The bronze Statue of Freedom was given an acid wash, which produced a distinctive bronze-green patina. It was lifted to the Capitol dome in sections. The placing of the head, on December 2, 1863, was marked by a 35-gun salute and answered by guns from the 12 forts that encircled the city during the Civil War.
This drawing by Thomas U. Walter shows a section of the dome with the scaffolding used to erect the Statue of Freedom in 1863. Note the detail of the top section, with the head being lifted in place.
Architect of the Capitol
Statue of Freedom
The full-size plaster model for the Statue of Freedom was used to cast the bronze statue on top of the Capitol dome. Freedom wears a helmet encircled with stars and topped with an eagle’s head and feathers, the talons hanging at either side of her face. Her long, curly hair flows down her back. Her dress is secured with a brooch with the letters “US,” and she is draped with a fur-trimmed robe. Her right hand holds a sheathed sword, the left a laurel wreath of victory and the striped shield of the United States.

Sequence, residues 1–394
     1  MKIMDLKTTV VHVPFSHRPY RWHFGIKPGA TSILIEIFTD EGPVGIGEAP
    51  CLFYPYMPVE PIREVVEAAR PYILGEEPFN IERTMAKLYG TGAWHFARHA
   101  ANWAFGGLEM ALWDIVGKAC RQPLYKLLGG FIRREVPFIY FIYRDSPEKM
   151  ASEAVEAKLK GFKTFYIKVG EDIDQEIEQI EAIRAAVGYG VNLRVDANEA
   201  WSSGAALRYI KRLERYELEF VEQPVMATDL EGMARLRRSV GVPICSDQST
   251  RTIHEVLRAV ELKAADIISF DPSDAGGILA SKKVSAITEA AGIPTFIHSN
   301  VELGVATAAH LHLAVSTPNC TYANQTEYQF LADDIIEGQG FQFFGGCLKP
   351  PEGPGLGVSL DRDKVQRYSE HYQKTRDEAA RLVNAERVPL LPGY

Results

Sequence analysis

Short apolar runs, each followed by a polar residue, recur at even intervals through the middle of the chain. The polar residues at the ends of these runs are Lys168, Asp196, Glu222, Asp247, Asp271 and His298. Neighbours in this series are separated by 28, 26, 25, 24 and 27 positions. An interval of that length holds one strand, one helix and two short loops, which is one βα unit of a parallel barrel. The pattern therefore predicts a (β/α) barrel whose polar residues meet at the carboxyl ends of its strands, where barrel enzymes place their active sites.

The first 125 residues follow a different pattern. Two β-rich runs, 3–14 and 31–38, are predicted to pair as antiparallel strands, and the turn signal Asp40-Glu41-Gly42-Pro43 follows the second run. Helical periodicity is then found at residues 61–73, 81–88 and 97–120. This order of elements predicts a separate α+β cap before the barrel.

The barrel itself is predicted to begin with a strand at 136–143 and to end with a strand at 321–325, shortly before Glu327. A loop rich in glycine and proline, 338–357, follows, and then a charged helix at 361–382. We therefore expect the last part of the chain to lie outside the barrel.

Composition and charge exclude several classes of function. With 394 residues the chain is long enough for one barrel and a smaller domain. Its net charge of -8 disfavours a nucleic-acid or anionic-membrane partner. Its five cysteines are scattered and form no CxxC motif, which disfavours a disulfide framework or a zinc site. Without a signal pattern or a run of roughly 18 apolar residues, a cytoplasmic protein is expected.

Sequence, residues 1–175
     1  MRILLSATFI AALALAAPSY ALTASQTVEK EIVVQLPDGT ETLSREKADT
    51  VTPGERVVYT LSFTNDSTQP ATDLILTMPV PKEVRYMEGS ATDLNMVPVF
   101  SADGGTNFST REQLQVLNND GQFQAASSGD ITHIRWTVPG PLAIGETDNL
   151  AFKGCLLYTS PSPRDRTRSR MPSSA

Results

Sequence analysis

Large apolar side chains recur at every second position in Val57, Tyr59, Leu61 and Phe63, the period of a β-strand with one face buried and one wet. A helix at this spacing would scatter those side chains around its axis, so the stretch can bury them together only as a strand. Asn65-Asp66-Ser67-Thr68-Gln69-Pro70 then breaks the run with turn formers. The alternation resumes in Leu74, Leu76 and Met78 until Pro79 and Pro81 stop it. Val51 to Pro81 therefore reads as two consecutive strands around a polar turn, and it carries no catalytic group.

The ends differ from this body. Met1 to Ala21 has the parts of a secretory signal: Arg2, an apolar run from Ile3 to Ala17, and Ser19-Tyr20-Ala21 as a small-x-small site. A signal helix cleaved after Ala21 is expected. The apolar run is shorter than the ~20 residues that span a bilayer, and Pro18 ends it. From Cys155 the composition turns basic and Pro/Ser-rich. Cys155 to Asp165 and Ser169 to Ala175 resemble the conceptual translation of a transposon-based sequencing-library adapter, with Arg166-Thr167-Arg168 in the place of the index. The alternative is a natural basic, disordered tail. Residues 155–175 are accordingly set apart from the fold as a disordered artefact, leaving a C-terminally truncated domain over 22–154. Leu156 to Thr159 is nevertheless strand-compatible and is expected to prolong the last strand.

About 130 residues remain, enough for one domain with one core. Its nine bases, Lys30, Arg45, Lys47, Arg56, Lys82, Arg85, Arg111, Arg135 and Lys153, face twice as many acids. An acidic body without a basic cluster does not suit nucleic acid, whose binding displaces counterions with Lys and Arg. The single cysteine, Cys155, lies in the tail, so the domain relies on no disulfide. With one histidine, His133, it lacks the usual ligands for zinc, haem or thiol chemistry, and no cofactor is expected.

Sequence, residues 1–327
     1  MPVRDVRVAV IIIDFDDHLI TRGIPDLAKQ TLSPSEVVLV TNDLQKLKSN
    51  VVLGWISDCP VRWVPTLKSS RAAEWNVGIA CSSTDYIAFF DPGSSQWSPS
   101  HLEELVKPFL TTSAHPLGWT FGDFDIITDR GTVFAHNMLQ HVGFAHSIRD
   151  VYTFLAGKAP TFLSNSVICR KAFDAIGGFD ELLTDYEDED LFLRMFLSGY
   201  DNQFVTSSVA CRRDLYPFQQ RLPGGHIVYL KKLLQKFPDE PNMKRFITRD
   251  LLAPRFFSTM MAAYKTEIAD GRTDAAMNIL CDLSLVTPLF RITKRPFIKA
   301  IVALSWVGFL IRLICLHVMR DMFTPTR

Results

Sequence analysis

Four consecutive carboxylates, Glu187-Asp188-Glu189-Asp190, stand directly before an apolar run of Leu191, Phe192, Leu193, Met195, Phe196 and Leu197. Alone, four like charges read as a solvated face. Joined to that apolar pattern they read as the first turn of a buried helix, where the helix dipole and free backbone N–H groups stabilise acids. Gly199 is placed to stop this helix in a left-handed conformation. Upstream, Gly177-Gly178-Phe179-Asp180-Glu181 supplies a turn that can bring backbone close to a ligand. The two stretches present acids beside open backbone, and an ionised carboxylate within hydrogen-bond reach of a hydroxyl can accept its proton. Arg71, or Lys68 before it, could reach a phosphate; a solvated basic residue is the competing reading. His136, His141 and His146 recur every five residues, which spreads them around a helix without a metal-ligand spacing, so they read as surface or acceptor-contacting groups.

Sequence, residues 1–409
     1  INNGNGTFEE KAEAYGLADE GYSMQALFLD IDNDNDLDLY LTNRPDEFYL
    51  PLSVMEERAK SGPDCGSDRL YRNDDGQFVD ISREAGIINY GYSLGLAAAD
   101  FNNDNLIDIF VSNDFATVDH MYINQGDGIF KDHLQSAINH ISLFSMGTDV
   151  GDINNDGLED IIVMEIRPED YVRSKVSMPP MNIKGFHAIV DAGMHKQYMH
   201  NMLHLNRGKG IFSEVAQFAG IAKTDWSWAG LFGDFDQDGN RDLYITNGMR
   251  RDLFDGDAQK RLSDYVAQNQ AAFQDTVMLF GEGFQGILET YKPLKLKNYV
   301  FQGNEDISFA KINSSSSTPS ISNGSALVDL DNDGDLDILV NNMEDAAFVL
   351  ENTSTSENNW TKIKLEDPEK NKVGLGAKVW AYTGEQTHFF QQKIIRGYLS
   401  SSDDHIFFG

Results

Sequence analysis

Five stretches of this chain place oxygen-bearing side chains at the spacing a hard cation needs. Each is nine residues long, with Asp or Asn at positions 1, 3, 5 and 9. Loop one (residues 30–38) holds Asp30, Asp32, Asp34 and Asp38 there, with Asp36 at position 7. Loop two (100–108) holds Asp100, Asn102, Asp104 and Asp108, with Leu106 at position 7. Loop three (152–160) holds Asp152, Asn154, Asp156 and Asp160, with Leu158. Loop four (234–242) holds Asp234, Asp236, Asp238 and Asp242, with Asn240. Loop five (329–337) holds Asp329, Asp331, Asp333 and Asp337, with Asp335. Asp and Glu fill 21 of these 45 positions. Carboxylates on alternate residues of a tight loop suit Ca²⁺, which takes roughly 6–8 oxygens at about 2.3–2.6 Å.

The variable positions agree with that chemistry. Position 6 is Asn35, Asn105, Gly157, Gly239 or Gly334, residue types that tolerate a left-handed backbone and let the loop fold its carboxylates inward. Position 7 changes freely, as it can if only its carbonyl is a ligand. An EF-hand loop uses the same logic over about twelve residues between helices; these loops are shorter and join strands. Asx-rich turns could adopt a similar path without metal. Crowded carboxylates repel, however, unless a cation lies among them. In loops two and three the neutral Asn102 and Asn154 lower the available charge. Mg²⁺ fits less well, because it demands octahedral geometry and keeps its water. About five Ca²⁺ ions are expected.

The model, which had been stored in pieces for many years, was restored in 1992 by the Architect of the Capitol with funds donated to the U.S. Capitol Preservation Commission. It was on display in the Russell Senate Office Building before being moved to Emancipation Hall in the U.S. Capitol Visitor Center. The bronze Statue of Freedom, facing east over the central entrance, crowns the dome of the United States Capitol.